• United States
    • Court of Appeal of Missouri (US)
    • March 3, 2020
    ...remedies. Our standard of review for the granting of a motion to dismiss is de novo. McDonald v. Chamber of Commerce of Independence , 581 S.W.3d 110, 113 (Mo. App. W.D. 2019) (citing Avery Contracting, LLC v. Niehaus , 492 S.W.3d 159, 161-62 (Mo. banc 2016) ). " ‘In determining the ap......
  • Hartman v. Logan, WD 83039
    • United States
    • Court of Appeal of Missouri (US)
    • May 26, 2020
    ...of action or 602 S.W.3d 836 of a cause that might be adopted in that case.’ " McDonald v. Chamber of Commerce of Independence , 581 S.W.3d 110, 114 (Mo. App. W.D. 2019) (quoting Avery Contracting, LLC v. Niehaus , 492 S.W.3d 159, 162 (Mo. banc 2016) ). For the purpose of determining wh......
  • Morelock v. Intercontinental Hotels Grp. Res., LLC., SD 37022
    • United States
    • Court of Appeal of Missouri (US)
    • September 13, 2021
    ...authority to review those claims as a result of the statutory exhaustion requirement." Id.The case McDonald v. Chamber of Commerce , 581 S.W.3d 110 (Mo. App. 2019), is directly on point. In McDonald , a motion to dismiss a MHRA petition, which the trial court granted, alleged that the ......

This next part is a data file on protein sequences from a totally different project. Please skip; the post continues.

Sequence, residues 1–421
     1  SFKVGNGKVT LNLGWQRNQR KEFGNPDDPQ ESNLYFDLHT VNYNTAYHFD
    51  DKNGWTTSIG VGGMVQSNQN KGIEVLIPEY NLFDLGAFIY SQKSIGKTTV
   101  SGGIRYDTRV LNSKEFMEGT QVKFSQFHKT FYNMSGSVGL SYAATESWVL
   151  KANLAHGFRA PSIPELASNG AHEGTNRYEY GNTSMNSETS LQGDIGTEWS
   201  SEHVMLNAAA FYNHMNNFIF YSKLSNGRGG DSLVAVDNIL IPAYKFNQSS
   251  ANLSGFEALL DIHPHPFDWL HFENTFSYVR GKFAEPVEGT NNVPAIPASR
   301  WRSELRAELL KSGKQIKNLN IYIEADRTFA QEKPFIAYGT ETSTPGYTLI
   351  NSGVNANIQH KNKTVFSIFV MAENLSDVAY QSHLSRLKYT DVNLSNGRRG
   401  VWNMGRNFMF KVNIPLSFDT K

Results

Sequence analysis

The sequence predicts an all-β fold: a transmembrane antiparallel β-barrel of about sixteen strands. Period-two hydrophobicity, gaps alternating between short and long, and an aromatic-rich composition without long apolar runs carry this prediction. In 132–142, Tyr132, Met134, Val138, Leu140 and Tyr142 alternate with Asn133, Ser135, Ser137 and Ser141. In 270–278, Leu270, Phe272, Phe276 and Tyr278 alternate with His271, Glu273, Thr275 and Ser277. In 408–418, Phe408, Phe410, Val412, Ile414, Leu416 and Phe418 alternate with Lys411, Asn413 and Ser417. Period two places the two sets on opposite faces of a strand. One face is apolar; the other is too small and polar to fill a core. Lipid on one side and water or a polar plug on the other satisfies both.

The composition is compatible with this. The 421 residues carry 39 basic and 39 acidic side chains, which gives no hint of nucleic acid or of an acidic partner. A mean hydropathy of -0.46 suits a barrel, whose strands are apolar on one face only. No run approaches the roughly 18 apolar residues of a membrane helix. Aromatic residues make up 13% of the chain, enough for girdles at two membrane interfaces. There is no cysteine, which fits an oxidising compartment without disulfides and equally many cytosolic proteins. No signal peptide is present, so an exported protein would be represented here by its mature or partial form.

• Request a trial to view additional results
4 cases
  • Patton v. Mo. Farm Bureau Servs., 2:20-cv-04236-NKL
    • United States
    • United States District Courts. 8th Circuit. Western District of Missouri
    • October 18, 2021
    ...is a statutory prerequisite to suit when asserting a petition for damages pursuant to the MHRA.” McDonald v. Chamber of Com. of Indep., 581 S.W.3d 110, 118 (Mo. App. Ct. 2019) (emphasis in original). While Mr. Patton alleges he jointly filed his complaint with the EEOC and MCHR, he alleges ......
  • Tri-County Counseling Servs., Inc. v. Office of Admin., WD 82751
    • United States
    • Court of Appeal of Missouri (US)
    • March 3, 2020
    ...remedies. Our standard of review for the granting of a motion to dismiss is de novo. McDonald v. Chamber of Commerce of Independence , 581 S.W.3d 110, 113 (Mo. App. W.D. 2019) (citing Avery Contracting, LLC v. Niehaus , 492 S.W.3d 159, 161-62 (Mo. banc 2016) ). " ‘In determining the appropr......
  • Hartman v. Logan, WD 83039
    • United States
    • Court of Appeal of Missouri (US)
    • May 26, 2020
    ...cause of action or 602 S.W.3d 836 of a cause that might be adopted in that case.’ " McDonald v. Chamber of Commerce of Independence , 581 S.W.3d 110, 114 (Mo. App. W.D. 2019) (quoting Avery Contracting, LLC v. Niehaus , 492 S.W.3d 159, 162 (Mo. banc 2016) ). For the purpose of determining w......
  • Morelock v. Intercontinental Hotels Grp. Res., LLC., SD 37022
    • United States
    • Court of Appeal of Missouri (US)
    • September 13, 2021
    ...lack authority to review those claims as a result of the statutory exhaustion requirement." Id.The case McDonald v. Chamber of Commerce , 581 S.W.3d 110 (Mo. App. 2019), is directly on point. In McDonald , a motion to dismiss a MHRA petition, which the trial court granted, alleged that the ......